Russia Built the Fastest Submarine Ever (But Just One?)
Key point: The Anchar class was just too noisy and prone to breakdown when going at its otherwise impressive speed.
Speed has often held a mixed appeal in submarine warfare. After all, even very quiet submarines become noisy when they’re tearing through the ocean at their maximum speed of 20 to 30 knots. As typically the goal in submarine warfare is to detect an unaware adversary and launch torpedoes without being detected in return, many submarines cruise at little more than a brisk jog to minimize noise.
However, speed also enables more aggressive maneuvers against alert enemies and incoming torpedoes, and the ability to close with or disengage from adversaries as the situation dictates. And sometimes speed is desirable simply to get a submarine where it needs to be to engage a fast-moving enemy.
Such was the thinking behind the Soviet’s Project 661 submarine Anchar that was conceived in 1959: a speedy submarine that could race forth to intercept American carrier task forces cruising at 33 knots, blast them with long-range cruise missiles fired from underwater, and then get the hell out of Dodge.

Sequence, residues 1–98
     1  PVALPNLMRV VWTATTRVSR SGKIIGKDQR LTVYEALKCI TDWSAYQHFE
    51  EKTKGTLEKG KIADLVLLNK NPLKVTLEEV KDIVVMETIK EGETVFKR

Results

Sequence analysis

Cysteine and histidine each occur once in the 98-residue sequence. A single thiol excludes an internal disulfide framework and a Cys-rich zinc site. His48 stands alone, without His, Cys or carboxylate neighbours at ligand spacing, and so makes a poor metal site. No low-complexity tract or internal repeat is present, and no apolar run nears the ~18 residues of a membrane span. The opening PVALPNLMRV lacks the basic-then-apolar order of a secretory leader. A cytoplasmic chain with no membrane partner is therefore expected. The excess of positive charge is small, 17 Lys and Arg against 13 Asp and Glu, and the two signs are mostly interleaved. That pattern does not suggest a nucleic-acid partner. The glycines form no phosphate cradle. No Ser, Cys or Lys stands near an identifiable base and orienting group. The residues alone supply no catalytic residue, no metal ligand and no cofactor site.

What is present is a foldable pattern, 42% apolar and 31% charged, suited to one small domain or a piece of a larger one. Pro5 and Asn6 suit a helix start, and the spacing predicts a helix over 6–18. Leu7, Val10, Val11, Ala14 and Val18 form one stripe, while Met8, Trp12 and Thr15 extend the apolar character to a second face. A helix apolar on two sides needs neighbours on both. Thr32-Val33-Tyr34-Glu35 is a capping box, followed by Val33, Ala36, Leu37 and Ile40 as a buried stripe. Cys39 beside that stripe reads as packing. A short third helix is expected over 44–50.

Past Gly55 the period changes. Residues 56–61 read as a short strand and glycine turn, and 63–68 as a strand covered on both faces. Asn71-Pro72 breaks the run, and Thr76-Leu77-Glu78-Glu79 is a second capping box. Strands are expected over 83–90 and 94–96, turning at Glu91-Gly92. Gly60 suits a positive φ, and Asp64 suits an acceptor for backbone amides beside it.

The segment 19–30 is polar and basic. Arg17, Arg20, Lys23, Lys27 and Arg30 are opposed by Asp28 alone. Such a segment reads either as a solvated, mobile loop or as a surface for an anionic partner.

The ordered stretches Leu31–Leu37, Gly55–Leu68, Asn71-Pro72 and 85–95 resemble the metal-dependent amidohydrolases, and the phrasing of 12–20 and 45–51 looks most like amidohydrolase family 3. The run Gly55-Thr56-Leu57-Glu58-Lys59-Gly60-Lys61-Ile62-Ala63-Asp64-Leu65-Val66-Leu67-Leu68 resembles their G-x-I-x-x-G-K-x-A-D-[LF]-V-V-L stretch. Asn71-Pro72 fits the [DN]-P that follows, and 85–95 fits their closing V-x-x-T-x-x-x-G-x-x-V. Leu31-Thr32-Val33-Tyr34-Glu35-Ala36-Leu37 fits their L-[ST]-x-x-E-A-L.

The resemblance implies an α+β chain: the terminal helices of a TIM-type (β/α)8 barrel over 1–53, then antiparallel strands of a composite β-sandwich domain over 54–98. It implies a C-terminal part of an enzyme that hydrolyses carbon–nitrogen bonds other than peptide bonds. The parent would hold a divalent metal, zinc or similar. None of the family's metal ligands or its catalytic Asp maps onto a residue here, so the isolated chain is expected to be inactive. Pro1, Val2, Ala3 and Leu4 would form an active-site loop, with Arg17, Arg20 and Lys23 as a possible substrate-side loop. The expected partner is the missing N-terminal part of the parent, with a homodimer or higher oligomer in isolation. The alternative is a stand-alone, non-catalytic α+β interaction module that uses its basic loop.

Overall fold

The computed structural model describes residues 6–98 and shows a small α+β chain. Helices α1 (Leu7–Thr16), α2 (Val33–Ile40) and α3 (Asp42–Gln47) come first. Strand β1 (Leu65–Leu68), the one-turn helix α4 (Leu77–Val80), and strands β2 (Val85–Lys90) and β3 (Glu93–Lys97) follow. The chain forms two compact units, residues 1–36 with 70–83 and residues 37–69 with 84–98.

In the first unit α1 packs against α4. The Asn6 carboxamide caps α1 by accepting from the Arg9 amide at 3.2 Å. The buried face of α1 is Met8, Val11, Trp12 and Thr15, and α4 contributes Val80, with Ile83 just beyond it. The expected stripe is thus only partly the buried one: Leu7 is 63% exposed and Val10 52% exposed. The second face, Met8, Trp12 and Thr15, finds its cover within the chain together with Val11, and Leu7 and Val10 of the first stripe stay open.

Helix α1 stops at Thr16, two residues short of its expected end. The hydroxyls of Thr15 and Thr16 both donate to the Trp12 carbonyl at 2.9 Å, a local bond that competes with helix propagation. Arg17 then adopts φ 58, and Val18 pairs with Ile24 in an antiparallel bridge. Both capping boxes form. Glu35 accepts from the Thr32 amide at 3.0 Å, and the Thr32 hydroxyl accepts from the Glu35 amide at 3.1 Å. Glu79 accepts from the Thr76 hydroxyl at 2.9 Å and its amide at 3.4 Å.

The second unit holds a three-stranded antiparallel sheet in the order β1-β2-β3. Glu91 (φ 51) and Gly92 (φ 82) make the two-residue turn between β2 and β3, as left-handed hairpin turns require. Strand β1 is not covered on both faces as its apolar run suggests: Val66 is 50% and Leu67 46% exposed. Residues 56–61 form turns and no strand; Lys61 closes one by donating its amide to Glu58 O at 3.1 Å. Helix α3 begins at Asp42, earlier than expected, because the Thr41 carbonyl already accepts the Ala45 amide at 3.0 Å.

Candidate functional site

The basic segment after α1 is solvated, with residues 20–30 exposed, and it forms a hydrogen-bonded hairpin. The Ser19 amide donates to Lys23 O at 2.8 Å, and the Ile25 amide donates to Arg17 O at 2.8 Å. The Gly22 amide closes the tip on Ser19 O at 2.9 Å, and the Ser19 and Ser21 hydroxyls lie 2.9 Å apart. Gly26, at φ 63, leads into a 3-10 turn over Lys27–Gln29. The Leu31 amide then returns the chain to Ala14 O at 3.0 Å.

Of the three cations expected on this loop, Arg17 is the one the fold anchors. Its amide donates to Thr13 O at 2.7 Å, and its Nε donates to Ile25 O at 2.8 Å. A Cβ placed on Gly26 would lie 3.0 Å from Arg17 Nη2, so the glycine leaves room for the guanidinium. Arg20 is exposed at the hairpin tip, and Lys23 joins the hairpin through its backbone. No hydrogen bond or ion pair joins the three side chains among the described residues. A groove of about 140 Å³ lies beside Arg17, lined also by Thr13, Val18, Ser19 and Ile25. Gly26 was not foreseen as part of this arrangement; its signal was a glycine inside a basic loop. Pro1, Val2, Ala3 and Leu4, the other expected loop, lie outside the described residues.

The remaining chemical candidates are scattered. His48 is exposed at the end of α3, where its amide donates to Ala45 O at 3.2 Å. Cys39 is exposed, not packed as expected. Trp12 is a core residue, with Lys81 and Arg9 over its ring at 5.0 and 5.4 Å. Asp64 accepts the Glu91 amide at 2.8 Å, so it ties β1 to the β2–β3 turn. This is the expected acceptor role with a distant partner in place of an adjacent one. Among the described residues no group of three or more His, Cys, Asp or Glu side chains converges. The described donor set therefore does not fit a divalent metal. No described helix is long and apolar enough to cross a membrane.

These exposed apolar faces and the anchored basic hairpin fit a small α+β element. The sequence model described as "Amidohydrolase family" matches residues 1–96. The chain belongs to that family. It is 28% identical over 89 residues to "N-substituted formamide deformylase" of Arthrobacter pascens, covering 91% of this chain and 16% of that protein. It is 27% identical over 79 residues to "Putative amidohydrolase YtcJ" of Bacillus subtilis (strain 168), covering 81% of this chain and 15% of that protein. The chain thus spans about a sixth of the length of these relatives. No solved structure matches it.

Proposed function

Project 661, known as the Papa-class by NATO, was developed roughly in parallel with another high speed-design, the Project 705 torpedo attack submarine, which would result in the iconic Alfa-class submarine. Though the two boats diverged in many respects, they had in common hulls made of strong but lightweight titanium alloy instead of steel to save weight, and thereby increase speed.
While U.S. engineers incorporated titanium components into aircraft like the ultra-fast SR-71 Blackbird, doing so on something the scale of a submarine hull was considered unfeasible because the element could only be welded in a de-oxygenated environment. That didn’t stop Soviet engineers, who had workers in pressurized suits weld 60-millimeter thick titanium plates of the Project 661’s pressure hull in the argon gas-flooded Building No. 42 in Severodvinsk.
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